Burroughs and Reed had mutual friends, but the two didn’t actually meet face-to-face until 1979. By then Burroughs had become a fixture in Manhattan’s Lower East Side neighborhood. There, in his windowless, three-room apartment at 222 Bowery, he held court among the musicians, intellectuals, writers, and junkies littering the scene like discarded show posters strewn across the sidewalk of nearby nightclub CBGB. Victor Bockris recorded several conversations between Burroughs and his guests during this period, including a meeting with Reed.

In June 1979, Reed was in town promoting The Bells at the nightclub the Bottom Line when Bockris arranged a dinner with Burroughs at the Bunker. Reed’s bassist failed to show up for soundcheck, making him forty-five minutes late for the Burroughs meeting—a major faux pas with the well-mannered author. When the bandmate finally turned up, Reed tore him a new one, after which he, Bockris, and a bottle of scotch were off to the Bunker.

Bockris recalls that “instead of apologizing for his tardy arrival, Lou cast a withering glance around the room, and abruptly asked if there was a chair, or if he was expected to sit on the floor.” Upon being offered a seat, Reed laid in on Burroughs, asking if it was true that he had to sleep with publishers to get his books out, and if he cut off his toe to avoid the draft. (Reed may have misremembered the story of Burroughs slicing his finger in a youthful fit of romantic pique.) Burroughs was not only unruffled, he was amused at Reed’s fireplug personality. “Bill really liked Lou Reed because when I took him to the Bunker, Lou was very witty and he asked pointed questions in just the right way,” Bockris said, adding that Burroughs made a point to note “how sharp he thought Lou was.”

The two discussed how to shoot smack with a safety pin, and the work of John Rechy and Hubert Selby. Reed mellowed somewhat over the course of the conversation, but he still lobbed a few barbs at the man whose writing helped inspire his own career. “There was a quote where someone said about you that you were the only person they ever met who they felt was capable of murder and that you were a very cold person . . . is that true?” Reed asked. “I neither confirm nor deny these kinds of rumors,” Burroughs replied dryly.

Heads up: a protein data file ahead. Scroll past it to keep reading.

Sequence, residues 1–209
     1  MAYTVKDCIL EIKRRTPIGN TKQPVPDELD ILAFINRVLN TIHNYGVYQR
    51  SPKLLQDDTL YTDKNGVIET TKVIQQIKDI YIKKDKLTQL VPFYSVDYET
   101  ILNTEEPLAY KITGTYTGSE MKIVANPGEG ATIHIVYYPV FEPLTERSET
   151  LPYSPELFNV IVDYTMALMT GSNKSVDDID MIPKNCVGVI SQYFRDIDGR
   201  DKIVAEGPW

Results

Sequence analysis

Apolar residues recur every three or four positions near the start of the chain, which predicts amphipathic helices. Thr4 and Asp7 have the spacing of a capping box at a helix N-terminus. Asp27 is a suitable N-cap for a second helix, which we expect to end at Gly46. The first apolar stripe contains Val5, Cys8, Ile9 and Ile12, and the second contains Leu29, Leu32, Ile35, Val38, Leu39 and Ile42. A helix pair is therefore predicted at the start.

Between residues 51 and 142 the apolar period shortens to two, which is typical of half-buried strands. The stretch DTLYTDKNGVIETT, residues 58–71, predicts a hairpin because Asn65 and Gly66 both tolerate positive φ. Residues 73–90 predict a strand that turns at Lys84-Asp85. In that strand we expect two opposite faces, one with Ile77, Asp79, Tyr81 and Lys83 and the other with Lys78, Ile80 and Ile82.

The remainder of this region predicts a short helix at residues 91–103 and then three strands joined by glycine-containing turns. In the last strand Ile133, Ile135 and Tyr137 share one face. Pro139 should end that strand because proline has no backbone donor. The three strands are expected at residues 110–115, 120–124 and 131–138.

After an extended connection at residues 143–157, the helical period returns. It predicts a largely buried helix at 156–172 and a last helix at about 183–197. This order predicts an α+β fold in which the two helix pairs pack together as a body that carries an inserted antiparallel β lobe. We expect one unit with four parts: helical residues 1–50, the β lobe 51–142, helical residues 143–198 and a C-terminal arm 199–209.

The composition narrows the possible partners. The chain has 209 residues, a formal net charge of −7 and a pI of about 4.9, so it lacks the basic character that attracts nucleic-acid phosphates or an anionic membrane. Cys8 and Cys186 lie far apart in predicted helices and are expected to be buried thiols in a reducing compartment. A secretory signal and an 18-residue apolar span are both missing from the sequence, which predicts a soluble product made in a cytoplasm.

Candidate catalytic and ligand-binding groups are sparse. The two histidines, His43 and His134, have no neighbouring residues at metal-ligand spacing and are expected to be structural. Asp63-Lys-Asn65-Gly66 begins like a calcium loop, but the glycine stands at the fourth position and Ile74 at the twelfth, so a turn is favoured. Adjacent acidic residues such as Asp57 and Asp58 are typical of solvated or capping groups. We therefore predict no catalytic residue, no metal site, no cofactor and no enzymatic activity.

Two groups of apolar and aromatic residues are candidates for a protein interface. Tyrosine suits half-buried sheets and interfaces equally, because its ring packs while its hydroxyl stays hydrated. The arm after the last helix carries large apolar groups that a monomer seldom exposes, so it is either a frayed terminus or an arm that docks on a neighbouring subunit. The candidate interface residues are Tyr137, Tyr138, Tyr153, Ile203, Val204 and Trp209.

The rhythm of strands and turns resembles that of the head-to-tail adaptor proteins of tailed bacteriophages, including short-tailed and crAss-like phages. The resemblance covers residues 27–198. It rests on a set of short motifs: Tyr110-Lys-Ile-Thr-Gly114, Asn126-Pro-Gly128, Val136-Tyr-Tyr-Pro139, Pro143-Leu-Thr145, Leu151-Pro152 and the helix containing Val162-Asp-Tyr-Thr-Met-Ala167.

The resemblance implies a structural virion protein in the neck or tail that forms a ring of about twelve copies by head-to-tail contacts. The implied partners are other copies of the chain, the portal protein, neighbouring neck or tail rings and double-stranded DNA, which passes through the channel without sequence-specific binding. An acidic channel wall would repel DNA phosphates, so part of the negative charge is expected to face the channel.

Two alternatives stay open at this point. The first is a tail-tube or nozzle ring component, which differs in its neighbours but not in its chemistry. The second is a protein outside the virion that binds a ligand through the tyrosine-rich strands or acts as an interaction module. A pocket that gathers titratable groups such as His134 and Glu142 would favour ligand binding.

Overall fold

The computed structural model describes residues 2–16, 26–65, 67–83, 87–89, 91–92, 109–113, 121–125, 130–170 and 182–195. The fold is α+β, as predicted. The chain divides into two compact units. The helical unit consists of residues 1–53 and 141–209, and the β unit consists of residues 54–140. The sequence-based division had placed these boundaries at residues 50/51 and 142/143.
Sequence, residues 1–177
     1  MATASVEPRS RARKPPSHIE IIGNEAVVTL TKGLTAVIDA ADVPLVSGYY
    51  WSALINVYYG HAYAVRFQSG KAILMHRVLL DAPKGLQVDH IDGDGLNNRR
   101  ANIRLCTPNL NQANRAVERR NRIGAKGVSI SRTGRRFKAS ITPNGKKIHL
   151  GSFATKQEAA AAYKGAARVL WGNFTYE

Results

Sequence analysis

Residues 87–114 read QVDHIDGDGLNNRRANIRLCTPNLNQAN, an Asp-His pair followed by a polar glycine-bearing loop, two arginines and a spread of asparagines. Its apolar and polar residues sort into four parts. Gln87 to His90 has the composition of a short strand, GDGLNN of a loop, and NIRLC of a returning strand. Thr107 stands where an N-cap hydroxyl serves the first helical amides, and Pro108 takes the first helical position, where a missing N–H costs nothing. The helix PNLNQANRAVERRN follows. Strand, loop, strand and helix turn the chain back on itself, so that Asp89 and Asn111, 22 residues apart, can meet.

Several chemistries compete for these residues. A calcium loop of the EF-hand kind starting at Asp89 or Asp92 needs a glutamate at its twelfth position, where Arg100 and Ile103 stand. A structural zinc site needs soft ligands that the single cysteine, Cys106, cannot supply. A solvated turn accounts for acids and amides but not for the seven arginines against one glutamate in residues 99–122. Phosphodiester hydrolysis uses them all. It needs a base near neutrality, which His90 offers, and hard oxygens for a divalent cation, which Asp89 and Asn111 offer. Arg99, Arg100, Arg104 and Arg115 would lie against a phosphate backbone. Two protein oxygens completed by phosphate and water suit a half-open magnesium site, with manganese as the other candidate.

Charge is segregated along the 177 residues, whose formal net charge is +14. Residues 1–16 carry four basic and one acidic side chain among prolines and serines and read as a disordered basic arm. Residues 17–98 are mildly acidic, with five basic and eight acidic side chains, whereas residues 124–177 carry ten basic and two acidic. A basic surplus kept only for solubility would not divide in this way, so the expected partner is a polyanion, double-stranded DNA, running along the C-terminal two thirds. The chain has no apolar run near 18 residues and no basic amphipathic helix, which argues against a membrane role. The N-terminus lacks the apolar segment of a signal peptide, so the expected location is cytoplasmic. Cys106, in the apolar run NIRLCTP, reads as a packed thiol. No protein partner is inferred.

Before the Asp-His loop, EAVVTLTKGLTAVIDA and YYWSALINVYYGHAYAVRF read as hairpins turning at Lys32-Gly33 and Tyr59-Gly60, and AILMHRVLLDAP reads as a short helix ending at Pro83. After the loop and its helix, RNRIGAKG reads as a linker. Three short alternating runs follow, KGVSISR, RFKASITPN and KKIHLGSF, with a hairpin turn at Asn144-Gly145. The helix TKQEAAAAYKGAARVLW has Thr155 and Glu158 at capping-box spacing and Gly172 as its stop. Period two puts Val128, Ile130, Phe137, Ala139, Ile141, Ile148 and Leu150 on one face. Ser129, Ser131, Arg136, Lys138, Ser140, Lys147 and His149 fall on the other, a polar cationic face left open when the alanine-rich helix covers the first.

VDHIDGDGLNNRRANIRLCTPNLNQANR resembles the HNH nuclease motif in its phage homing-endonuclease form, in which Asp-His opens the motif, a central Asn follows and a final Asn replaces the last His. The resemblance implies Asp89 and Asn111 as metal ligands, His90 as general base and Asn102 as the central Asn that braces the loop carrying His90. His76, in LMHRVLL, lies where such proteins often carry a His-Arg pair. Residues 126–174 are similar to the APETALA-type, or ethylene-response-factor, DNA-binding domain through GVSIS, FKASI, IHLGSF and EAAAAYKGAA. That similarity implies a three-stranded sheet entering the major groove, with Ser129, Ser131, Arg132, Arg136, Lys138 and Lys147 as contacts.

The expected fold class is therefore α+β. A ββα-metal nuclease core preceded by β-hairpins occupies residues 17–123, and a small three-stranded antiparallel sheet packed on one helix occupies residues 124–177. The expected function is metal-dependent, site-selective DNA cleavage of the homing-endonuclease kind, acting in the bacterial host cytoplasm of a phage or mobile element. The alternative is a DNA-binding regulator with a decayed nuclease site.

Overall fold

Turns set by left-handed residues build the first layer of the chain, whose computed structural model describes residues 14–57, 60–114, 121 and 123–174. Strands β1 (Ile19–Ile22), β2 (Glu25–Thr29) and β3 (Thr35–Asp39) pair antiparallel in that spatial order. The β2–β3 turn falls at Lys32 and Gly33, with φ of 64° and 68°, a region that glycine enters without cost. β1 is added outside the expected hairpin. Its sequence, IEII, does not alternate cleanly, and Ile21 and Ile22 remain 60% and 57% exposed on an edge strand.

In actuality, Burroughs was quite warmly regarded. “Among those who knew him, Burroughs was well liked, loved and respected,”Bockris said. “His original publisher in Paris, Maurice Girodias, told me Burroughs was the kindest and sweetest person he ever met.” Bockris said he had a playful side that would reveal itself in the company of friends: “You could always tell when Bill was really excited because his voice would go up the scale to a high pitched squeak!” On a typical night at the Bunker, “Bill sat at the head of the table. There were always other guests, usually John Giorno and Stewart Meyer would be there when I visited, but there were often others, ranging from Bill’s closest friend Allen Ginsberg and his partner Peter Orlovsky to Debbie Harry and Chris Stein of Blondie to Joe Strummer of the Clash to Jean Michel Basquiat.” Burroughs took it all in like an “adolescent who delighted in the deepest weirdness of human behavior.”

Reed definitely projected deep weirdness, which may be what endeared him to Burroughs. Bockris called their repartee “a hilarious exchange between the Martin and Lewis of the kingdom of junk.” Too bad there was no YouTube back then; just imagine a channel about drugs, literature, and music hosted by William S. Burroughs and Lou Reed.

REED: Why did you use the pen name Bill Lee on Junkie?

BURROUGHS: William Lee.

REED: Oh, yeah. But why?

BURROUGHS: Because my parents were still alive and I didn’t want them to be embarrassed.

REED: But did they read it?

BURROUGHS: Well, they might have.

REED: See, I know you wrote a lot of other books, but I think Junkie is the most important because of the way it says something that hadn’t been said straightforwardly. . . . Is this boring you?

BURROUGHS: Wha?

Reed could not resist asking an impertinent question about Jack Kerouac: “How could a guy that was so good looking and romantic and writing that myth for generations end up being a fat, dumb asshole—if you don’t mind me being crude—sitting in front of television in a t-shirt drinking beer with his mother? What happened to make him change?” Those of lesser manners might have been tempted to point out that Reed himself was presently looking a bit booze-puffed. However, Burroughs took it in stride: “He didn’t change that much, Lou. He was always like that. First there was a young guy sitting in front of television in a t-shirt drinking beer with his mother, then there was an older, fatter person sitting in front of television in a t-shirt drinking beer with his mother.”

Ever competitive, Reed asked Burroughs what he thought about Patti Smith, with whom the author enjoyed an easy rapport. “Well, yes, I’ve always liked what Patti does,” he replied. “I last saw her I think it was out in New Jersey.” Then, quickly pivoting, “Have you ever listened to any Joujouka music?” Reed responded that his only exposure to Joujouka was the Ornette Coleman collaboration, “which I have and play.”

After a half hour, Reed said, “Well, those who play can’t stay,” and it was off to the venue to do the gig. Burroughs stayed behind. As he was getting up to leave, Reed asked, “Would you like to have a quiet dinner so we can talk?” Burroughs said he was game. But they would not see each other again until Burroughs’ seventieth birthday party in 1984. “Was Lou too drunk to remember the meeting?” Bockris asked rhetorically. “I don’t know, he probably imagined they were big friends. In a way they were. Anyway, I put it on my list of Great First Meetings.”

Pre-order William S. Burroughs And The Cult Of Rock ‘N’ Roll by Casey Rae

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